Woman's Scalp Was Torn from Her Head in Horrifying Accident

scalp, bmj
Two months after the woman's injury. The scar from the surgery can be seen running from ear to ear. (Image credit: BMJ Case Reports/CC BY-NC 4.0)

Editor's Note: This story contains some graphic images.

In an awful accident, a woman in Japan had her entire scalp pulled off her head, according to a new report of the woman's case.

The accident occurred when the 64-year-old woman's long hair got caught in a spinning machine, tearing her scalp away from her skull. The machine tore a line around the woman's skull, level with the top of her nose. The top thirds of both of her ears were part of the scalp portion that was ripped away, as was her entire right eyebrow and half of her left eyebrow. 

When the woman came to the hospital, she was clearly conscious, and her scalp was in a plastic bag surrounded with ice, said lead author Dr. Jun Karibe, a plastic surgeon at Yamanashi University Hospital in Japan, who treated the woman. At the hospital, the doctors removed the hair from the scalp and rinsed it with a saline, or salt water, solution, Karibe said. Then, the scalp was sterilized before the reattachment surgery began. [27 Oddest Case Reports]

Four hours after the injury took place, plastic surgeons had successfully reattached her scalp to her head, according to the report, which was published yesterday (Oct. 24) in the journal BMJ Case Reports.

An image of the woman's scalp after the injury took place. The woman's eyebrows are visible to the left of image and the top of her right ear is visible at the bottom of the image. (Image credit: BMJ Case Reports/CC BY-NC 4.0)

The type of injury, which doctors refer to as "scalp avulsion," is extremely rare in Japan, according to the case report. Indeed, it was the first time that a "whole scalp avulsion" was reported in the country, Karibe told Live Science.

Though gruesome, scalp alvusion injuries are not life-threatening in most cases, Karibe said. 

Repairing the injury involves, in part, reattaching blood vessels and nerves in the scalp to the head. The doctors were able to successfully reattach four large main blood vessels, two on the right side of the head and two on the left. However, after the operation, the doctors found that blood flowed only through the vessels on the right side of the head — but that these vessels were able to adequately supply blood to the entire scalp. The doctors were unable to reattach any of the woman's nerves.

A CT scan of the woman's head several months after the injury shows blood flow in two of the blood vessels on the right side of her head, in the image on the left. That same blood flow is not seen in the image on the right, which shows the left side of her head. (Image credit: BMJ Case Reports/CC BY-NC 4.0)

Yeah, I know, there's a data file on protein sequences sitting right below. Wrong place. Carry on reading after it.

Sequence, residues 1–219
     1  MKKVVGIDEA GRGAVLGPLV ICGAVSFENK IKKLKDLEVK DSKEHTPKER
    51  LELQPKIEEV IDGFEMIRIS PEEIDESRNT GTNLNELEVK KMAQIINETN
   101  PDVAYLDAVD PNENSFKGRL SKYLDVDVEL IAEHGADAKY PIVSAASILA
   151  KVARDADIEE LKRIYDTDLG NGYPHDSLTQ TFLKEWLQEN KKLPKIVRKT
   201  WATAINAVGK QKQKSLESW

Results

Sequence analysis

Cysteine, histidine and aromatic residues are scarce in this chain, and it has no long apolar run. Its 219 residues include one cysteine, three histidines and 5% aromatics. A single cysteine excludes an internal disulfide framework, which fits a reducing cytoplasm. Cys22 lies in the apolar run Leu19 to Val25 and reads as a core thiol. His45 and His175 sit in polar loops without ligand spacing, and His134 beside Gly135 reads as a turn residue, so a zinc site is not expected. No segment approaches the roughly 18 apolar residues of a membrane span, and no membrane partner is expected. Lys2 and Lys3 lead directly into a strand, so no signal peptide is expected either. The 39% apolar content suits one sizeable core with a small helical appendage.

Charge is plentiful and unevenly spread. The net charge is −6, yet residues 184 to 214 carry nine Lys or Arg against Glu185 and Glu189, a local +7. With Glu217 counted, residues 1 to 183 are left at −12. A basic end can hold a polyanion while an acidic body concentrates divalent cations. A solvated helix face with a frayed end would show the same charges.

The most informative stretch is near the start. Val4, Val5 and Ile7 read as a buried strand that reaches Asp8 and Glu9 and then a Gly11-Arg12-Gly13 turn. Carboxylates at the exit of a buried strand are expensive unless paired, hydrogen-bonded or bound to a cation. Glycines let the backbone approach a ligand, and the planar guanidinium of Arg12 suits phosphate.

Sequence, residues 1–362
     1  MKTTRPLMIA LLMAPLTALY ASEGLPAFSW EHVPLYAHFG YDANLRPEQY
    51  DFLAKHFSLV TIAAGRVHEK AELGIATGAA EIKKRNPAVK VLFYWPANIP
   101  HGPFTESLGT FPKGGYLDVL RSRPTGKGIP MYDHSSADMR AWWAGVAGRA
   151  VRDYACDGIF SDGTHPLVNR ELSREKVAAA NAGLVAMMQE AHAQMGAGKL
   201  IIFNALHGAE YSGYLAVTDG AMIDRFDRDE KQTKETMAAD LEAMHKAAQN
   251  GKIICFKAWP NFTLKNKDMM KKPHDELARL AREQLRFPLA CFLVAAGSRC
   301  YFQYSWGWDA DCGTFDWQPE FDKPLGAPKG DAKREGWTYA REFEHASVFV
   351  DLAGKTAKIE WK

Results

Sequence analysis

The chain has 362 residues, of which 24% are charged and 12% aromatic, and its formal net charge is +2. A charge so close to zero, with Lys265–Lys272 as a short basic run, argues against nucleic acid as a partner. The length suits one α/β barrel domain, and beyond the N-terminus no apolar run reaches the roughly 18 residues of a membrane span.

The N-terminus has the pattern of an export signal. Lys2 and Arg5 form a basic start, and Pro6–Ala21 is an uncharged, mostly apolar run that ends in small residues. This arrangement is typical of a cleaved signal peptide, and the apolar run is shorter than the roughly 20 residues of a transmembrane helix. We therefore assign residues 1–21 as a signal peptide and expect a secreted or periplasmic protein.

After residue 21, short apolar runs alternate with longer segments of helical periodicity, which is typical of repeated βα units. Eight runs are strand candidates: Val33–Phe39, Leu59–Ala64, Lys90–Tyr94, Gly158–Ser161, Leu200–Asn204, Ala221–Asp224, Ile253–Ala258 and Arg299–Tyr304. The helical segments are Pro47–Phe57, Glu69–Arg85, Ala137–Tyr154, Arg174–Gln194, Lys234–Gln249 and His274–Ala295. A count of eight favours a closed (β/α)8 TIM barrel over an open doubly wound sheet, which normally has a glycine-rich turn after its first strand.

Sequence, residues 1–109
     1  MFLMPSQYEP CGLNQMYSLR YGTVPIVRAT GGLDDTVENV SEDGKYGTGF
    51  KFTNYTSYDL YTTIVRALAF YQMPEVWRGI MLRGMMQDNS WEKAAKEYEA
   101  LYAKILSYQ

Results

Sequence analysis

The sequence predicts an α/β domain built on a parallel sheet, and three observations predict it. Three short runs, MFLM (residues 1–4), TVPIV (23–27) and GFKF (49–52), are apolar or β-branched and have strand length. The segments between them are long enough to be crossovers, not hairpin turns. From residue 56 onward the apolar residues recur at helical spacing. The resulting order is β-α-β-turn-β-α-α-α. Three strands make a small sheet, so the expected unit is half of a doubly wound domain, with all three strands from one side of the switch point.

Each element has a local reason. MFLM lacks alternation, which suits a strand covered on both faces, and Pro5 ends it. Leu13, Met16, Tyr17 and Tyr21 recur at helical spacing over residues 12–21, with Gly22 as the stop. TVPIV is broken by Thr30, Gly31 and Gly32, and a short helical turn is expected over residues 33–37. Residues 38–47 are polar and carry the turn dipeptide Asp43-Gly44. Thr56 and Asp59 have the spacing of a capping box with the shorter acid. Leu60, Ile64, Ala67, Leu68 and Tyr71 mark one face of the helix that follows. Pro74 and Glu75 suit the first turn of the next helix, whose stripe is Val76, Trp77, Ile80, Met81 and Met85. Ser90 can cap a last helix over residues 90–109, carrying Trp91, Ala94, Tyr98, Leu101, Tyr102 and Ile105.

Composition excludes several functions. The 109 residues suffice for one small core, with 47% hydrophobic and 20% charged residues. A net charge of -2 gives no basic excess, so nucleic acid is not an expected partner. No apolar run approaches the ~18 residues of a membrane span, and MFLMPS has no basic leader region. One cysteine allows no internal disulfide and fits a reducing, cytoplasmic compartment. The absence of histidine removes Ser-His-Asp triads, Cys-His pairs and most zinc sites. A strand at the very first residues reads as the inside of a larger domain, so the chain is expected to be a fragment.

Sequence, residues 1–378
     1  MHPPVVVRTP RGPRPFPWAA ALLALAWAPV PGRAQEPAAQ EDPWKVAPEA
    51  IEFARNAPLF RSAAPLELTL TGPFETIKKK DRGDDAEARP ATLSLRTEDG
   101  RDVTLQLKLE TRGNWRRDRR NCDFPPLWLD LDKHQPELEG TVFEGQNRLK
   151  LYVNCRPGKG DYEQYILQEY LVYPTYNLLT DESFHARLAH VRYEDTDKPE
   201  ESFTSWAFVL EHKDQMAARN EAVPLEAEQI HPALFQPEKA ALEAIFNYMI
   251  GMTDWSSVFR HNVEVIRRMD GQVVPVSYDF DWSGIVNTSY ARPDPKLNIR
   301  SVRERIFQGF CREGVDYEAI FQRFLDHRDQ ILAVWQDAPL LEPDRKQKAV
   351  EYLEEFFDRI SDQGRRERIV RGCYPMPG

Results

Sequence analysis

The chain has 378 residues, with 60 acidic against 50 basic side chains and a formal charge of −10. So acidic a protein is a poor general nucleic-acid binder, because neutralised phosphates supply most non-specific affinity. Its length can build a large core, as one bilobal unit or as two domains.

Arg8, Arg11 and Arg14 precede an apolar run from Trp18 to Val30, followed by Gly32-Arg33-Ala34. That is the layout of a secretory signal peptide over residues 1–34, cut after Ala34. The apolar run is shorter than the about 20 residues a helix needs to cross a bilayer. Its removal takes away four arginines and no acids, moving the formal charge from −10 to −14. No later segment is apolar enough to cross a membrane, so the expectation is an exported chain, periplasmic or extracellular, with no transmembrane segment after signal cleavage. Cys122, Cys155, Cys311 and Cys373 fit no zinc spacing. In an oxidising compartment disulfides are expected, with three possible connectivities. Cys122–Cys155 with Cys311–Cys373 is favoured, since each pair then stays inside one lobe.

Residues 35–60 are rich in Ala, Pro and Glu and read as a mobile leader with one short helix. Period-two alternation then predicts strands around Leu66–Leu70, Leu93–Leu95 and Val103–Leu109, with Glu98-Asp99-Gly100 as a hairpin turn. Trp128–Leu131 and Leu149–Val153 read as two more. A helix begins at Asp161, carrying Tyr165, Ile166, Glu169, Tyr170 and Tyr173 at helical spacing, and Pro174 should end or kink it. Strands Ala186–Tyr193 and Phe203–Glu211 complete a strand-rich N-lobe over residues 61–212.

Two weeks after the operation, the woman developed a lesion, 3 by 4 centimeters (1.2 by 1.6 inches) near her left eye where her skin tissue was dying. The skin in this area was removed, and the doctors performed a skin graft, transferring healthy skin to the area from a different part of her body.

By two months after the initial operation, signs pointed to the woman making a good recovery: "Exuberant hair growth was evident," the doctors wrote, though they added that there was less hair growth on the left side of her head, perhaps due to trouble with the blood vessels on that side.

A year after the injury, the woman's hair had grown "sufficiently." In addition, she was able to open and close both of her eyelids and move her right eyebrow. And though the doctors weren't able to attach the woman's nerves, she regained sensation in the front and on both sides of her head, and was able to contract her forehead muscle — these improvements suggest that the nerves recovered on their own, according to the report.

One year after the injury, the woman's hair had grown back and she was able to open and close her eyes. (Image credit: BMJ Case Reports/CC BY-NC 4.0)

"We were surprised to see the result of [the] operation," Karibe said. "My colleagues, including me, didn't expect this amazing recovery."

The woman was also pleased. She told the doctors she was "very satisfied with the aesthetic result," and noted that she had "no problems in [her] daily life activities," according to the report. 

This story was updated to include quotes from the case report author.

Originally published on Live Science.

Sara G. Miller
Staff Writer
Sara is a staff writer for Live Science, covering health. She grew up outside of Philadelphia and studied biology at Hamilton College in upstate New York. When she's not writing, she can be found at the library, checking out a big stack of books.